The conventional picture of class politics is composed of the Haves, who want a stability to keep what they have, and the Have-Nots, who want a touch of instability and change in which to scramble for the things they have not. But Americans imagined a condition in which speculators, self-makers, runners are always using the new opportunities given by our land. These economic leaders (front-runners) would thus be mainly agents of change. The nonstarters were considered the ones who wanted stability, a strong referee to give them some position in the race, a regulative hand to calm manic speculation; an authority that can call things to a halt, begin things again from compensatorily staggered â€śstarting lines.â€ť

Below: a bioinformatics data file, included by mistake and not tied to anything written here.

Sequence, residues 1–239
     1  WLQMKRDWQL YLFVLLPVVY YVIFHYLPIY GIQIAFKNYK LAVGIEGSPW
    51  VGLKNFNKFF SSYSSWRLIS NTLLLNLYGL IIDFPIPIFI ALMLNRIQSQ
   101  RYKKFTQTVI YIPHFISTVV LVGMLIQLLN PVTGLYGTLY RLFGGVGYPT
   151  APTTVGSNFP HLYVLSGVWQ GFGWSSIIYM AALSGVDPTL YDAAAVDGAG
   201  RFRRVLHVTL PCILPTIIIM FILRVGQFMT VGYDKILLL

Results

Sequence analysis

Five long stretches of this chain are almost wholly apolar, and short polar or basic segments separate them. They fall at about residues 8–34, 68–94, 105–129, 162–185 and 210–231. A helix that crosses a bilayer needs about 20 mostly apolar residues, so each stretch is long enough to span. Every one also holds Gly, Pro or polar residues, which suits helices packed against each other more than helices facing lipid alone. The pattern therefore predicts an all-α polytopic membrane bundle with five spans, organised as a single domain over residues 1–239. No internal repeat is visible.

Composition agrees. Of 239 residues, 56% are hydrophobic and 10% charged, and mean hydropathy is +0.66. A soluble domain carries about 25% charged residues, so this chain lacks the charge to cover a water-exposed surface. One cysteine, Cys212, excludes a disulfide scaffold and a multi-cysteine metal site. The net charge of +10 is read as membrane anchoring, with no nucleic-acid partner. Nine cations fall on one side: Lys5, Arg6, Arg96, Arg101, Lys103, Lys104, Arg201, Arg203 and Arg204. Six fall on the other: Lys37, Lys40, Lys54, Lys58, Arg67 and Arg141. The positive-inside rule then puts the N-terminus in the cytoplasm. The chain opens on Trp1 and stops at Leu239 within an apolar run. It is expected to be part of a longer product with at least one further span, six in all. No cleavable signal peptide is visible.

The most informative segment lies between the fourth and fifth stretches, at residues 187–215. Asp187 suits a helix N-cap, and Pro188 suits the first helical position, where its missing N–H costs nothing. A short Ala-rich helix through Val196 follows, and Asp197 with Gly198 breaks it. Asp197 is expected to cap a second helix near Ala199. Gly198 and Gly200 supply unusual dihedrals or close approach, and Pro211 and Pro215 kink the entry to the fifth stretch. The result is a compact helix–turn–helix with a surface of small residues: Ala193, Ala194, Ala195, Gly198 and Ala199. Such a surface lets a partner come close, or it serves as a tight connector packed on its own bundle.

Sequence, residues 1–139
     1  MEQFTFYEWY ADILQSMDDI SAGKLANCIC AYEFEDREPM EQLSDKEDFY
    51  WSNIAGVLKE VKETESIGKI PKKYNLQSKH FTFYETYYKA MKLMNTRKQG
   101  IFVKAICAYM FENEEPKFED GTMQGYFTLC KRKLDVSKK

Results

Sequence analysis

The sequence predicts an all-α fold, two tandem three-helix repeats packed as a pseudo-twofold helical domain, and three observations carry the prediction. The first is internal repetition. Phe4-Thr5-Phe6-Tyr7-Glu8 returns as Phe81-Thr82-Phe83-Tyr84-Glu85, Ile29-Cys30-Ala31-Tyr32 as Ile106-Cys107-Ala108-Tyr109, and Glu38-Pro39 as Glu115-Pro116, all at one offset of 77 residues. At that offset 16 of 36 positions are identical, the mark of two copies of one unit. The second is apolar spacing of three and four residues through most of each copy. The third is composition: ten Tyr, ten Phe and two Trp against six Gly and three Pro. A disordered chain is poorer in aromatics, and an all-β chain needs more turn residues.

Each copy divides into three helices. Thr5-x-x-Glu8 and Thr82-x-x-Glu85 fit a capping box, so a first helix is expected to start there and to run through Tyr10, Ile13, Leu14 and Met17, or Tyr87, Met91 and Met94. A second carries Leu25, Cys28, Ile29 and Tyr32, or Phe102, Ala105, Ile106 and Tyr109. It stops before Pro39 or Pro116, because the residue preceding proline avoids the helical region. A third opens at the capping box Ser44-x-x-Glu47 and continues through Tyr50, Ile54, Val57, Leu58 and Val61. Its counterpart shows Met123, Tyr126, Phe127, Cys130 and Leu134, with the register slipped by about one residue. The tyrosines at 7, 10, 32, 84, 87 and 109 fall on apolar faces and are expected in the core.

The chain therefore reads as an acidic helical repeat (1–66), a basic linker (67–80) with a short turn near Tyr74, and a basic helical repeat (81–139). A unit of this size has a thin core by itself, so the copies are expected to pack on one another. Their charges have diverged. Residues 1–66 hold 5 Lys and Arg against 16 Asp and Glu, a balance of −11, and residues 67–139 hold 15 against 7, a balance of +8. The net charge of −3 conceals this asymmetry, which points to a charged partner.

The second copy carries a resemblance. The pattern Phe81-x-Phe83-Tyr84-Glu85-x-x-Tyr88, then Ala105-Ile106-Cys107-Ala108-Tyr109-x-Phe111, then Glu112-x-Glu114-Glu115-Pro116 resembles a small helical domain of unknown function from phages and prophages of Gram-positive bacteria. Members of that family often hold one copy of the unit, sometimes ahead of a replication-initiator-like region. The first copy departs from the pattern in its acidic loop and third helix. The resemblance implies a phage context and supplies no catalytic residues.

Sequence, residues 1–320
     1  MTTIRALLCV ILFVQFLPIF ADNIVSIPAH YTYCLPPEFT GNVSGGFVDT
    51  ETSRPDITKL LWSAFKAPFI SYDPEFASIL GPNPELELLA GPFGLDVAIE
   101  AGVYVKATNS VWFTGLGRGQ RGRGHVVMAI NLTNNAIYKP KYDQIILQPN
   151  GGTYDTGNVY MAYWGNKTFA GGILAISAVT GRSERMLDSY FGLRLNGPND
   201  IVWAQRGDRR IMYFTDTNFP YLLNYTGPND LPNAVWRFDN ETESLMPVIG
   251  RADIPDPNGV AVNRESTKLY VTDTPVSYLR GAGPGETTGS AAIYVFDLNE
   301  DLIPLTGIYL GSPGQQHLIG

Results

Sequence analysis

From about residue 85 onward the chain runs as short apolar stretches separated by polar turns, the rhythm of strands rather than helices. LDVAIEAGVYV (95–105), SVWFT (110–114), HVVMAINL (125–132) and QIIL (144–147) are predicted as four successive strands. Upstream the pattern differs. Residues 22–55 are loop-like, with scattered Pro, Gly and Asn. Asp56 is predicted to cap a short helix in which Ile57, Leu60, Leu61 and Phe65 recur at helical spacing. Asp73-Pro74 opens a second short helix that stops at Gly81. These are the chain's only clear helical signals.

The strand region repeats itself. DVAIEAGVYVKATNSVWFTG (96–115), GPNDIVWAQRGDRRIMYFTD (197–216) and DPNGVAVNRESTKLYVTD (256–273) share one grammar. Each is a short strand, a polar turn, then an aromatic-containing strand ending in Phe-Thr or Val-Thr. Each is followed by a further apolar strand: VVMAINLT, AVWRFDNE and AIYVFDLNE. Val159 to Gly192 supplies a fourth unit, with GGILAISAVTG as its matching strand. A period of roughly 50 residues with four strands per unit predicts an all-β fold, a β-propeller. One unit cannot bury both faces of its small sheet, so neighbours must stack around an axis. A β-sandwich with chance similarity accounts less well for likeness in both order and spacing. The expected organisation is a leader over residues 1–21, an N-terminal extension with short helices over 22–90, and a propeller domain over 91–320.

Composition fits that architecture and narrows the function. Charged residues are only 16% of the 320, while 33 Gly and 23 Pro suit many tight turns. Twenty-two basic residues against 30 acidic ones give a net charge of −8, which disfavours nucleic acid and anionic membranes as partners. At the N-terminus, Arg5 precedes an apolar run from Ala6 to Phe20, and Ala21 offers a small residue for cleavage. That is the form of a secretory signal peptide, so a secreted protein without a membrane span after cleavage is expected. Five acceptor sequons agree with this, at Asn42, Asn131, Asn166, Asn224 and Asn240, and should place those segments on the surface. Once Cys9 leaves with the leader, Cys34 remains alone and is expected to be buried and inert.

â€śReformâ€ť in America has been sterile because it can imagine no change except through the extension of this metaphor of a race, wider inclusion of competitors, â€śa piece of the action,â€ť as it were, for the disenfranchised. There is no attempt to call off the race. Since our only stability is change, America seems not to honor the quiet work that achieves social interdependence and stability. There is, in our legends, no heroism of the office clerk, no stable industrial work force of the people who actually make the system work. There is no pride in being an employee (Wilson asked for a return to the time when everyone was an employer). There has been no boasting about our social workersâ€”they are merely signs of the systemâ€™s failure, of opportunity denied or not taken, of things to be eliminated. We have no pride in our growing interdependence, in the fact that our system can serve others, that we are able to help those in need; empty boasts from the past make us ashamed of our present achievements, make us try to forget or deny them, move away from them. There is no honor but in the Wonderland race we must all run, all trying to win, none winning in the end (for there is no end).